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Original Article
13 (
3
); 257-262
doi:
10.1055/s-0041-1731107

Renal Dysfunction in Prediabetes: Confirmed by Glomerular Hyperfiltration and Albuminuria

Department of Biochemistry, SDM College of Medical Sciences and Hospital, Shri Dharmasthala Manjunatheshwara University, Sattur, Dharwad, Karnataka, India
Department of Nephrology, SDM College of Medical Sciences and Hospital, Shri Dharmasthala Manjunatheshwara University, Sattur, Dharwad, Karnataka, India
Address for correspondence: Alagilawada S. Shilpasree, MD, Department of Biochemistry, SDM College of Medical Sciences and Hospital, Shri Dharmasthala Manjunatheshwara University, Sattur, Dharwad 580009, Karnataka, India (e-mail: shilpasree2007@gmail.com).
Licence
This is an open access article published by Thieme under the terms of the Creative Commons Attribution-NonDerivative-NonCommercial-License, permitting copying and reproduction so long as the original work is given appropriate credit. Contents may not be used for commercial purposes, or adapted, remixed, transformed or built upon.
Disclaimer:
This article was originally published by Thieme Medical and Scientific Publishers Pvt. Ltd. and was migrated to Scientific Scholar after the change of Publisher.

Abstract

Objectives

Prediabetes is defined as an intermediate state of hyperglycemia with glucose levels above normal but below the diagnostic cutoff of diabetes mellitus. Prediabetes is considered as an important risk factor for the development of diabetes and complications associated with diabetes. Since glomerular hyperfiltration (elevated GFR) and albuminuria represent early and reversible stages of kidney damage seen in patients with type 2 diabetes, we aim to assess the impact of hyperglycemia in prediabetic range on renal functions measured by estimated GFR and urine albumin excretion (UAE).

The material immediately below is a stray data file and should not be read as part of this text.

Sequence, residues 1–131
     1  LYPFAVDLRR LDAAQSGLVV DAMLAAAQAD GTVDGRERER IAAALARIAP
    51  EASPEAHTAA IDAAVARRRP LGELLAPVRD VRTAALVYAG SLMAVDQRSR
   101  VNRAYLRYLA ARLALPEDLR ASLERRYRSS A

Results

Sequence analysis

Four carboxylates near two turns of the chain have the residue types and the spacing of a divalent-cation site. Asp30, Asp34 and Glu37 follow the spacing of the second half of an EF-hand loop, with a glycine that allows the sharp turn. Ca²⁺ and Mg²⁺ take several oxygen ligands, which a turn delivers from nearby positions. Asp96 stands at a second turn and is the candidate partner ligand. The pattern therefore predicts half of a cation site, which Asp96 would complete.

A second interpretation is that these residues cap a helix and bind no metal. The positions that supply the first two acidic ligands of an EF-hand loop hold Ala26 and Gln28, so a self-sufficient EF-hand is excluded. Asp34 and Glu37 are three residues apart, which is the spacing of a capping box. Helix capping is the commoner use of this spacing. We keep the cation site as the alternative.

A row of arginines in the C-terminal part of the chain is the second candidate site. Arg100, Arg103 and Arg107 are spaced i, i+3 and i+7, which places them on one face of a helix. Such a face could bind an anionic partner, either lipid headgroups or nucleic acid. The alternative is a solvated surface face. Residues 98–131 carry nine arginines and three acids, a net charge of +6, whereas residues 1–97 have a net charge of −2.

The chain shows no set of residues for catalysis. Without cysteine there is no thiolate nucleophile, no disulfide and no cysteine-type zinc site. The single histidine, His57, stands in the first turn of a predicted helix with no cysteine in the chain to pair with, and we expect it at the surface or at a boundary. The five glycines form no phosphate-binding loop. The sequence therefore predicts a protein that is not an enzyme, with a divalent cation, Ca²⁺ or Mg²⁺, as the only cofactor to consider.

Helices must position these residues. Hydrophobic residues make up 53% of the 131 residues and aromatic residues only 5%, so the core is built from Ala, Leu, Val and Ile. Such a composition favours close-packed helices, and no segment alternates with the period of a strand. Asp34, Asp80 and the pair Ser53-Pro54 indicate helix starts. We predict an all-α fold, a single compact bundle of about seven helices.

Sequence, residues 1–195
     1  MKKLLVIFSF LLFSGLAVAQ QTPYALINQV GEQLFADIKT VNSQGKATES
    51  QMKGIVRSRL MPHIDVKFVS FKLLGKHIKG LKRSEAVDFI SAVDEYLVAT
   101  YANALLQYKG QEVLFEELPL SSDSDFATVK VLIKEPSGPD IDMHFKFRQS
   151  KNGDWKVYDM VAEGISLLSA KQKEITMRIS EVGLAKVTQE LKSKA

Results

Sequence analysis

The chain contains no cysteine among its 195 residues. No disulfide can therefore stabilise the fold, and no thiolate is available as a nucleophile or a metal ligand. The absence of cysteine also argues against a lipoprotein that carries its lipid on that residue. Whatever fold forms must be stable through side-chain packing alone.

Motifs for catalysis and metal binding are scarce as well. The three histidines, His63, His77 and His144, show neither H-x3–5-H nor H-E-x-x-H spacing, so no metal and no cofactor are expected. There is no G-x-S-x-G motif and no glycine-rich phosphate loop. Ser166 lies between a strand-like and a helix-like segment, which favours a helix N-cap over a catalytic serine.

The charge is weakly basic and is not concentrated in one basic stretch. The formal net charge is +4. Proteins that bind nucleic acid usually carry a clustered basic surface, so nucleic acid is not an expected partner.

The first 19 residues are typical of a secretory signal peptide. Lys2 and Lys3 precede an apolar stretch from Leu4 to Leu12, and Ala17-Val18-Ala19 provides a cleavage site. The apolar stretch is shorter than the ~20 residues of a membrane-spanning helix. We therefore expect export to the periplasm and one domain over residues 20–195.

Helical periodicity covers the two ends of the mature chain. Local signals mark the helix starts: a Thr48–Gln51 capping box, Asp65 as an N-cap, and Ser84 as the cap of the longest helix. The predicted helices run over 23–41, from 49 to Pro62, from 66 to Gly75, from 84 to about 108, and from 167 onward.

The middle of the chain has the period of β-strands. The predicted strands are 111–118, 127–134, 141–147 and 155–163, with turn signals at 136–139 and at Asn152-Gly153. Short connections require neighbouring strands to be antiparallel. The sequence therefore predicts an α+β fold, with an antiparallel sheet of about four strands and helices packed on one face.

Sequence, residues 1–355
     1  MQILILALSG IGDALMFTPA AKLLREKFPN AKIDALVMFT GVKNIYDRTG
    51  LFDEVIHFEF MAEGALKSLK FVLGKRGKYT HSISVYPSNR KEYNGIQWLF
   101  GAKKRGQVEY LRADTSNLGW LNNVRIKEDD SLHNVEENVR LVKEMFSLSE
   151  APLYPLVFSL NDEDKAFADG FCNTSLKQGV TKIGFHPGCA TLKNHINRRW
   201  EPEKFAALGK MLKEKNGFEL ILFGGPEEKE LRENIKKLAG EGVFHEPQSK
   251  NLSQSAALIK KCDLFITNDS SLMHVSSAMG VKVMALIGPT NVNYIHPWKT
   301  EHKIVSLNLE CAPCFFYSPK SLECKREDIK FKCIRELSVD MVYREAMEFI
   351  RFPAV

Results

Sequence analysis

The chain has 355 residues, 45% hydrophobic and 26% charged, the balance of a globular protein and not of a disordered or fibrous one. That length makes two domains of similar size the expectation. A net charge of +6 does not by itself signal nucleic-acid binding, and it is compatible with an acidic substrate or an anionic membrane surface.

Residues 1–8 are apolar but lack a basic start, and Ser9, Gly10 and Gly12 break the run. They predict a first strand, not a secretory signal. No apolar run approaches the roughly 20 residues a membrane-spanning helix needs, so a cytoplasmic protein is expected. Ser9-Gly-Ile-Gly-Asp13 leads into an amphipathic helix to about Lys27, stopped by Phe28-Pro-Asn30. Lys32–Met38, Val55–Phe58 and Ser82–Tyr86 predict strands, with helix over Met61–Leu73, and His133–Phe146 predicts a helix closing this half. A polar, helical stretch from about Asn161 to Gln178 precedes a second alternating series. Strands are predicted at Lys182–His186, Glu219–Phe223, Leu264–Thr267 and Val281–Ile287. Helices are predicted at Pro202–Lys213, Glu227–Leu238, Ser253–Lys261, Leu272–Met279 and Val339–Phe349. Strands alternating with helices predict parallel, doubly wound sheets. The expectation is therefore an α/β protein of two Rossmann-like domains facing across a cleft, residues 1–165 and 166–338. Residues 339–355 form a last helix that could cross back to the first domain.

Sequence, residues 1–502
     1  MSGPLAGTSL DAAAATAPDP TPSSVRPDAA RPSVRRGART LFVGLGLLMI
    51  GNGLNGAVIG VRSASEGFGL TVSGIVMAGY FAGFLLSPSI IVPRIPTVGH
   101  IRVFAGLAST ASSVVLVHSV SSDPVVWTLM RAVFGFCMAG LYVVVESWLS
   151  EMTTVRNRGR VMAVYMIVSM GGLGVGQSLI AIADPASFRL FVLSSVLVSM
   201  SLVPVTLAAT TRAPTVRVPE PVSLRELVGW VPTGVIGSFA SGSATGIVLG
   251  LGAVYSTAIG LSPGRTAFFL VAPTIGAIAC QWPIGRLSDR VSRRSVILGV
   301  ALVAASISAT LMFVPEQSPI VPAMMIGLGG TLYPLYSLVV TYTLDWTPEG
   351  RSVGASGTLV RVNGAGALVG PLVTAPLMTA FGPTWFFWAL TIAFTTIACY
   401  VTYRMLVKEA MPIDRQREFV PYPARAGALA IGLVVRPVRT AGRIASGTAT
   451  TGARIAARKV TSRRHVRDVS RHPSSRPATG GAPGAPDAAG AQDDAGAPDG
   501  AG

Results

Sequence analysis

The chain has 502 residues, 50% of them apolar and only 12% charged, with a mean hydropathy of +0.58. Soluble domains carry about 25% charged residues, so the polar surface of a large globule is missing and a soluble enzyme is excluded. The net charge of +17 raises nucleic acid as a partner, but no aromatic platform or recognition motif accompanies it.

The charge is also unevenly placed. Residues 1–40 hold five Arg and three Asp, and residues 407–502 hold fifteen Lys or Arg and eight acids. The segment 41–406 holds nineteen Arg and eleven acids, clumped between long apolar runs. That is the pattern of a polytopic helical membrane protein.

Materials and Methods

The study included 1,031 patients aged 30 to 70 years, attending regular health checkup. Patients were grouped as normal, prediabetes, and diabetes according to the American Diabetic Association (ADA) criteria based on fasting blood sugar and hemoglobin A1c (HbA1c). Further, the patients were grouped into multiple subgroups based on age and gender. UAE was measured by using immunoturbidimetric method, and GFR was estimated by chronic kidney disease epidemiology collaboration (CKD EPI) equation.

Statistical Analysis

Prevalence of hyperfiltration (estimated glomerular filtration rate above the age and gender specific 95th percentile), and albuminuria in prediabetes and diabetes was compared with normal controls. Odds ratio and 95% confidence interval were calculated by using logistic regression analysis to predict the occurrence of hyperfiltration in prediabetes and diabetes. Analysis of variance followed by post hoc comparison was done to assess the significance of difference, and p-value < 0.05 was considered statistically significant.

Results

Prevalence of hyperfiltration was more in prediabetes and diabetes compared with normal controls, and it increased with surging HbA1c level that was shown as higher odds ratio for hyperfiltration in both the groups. UAE was more in the prediabetes and diabetes group when compared with normal controls, but the difference was significant only in diabetes.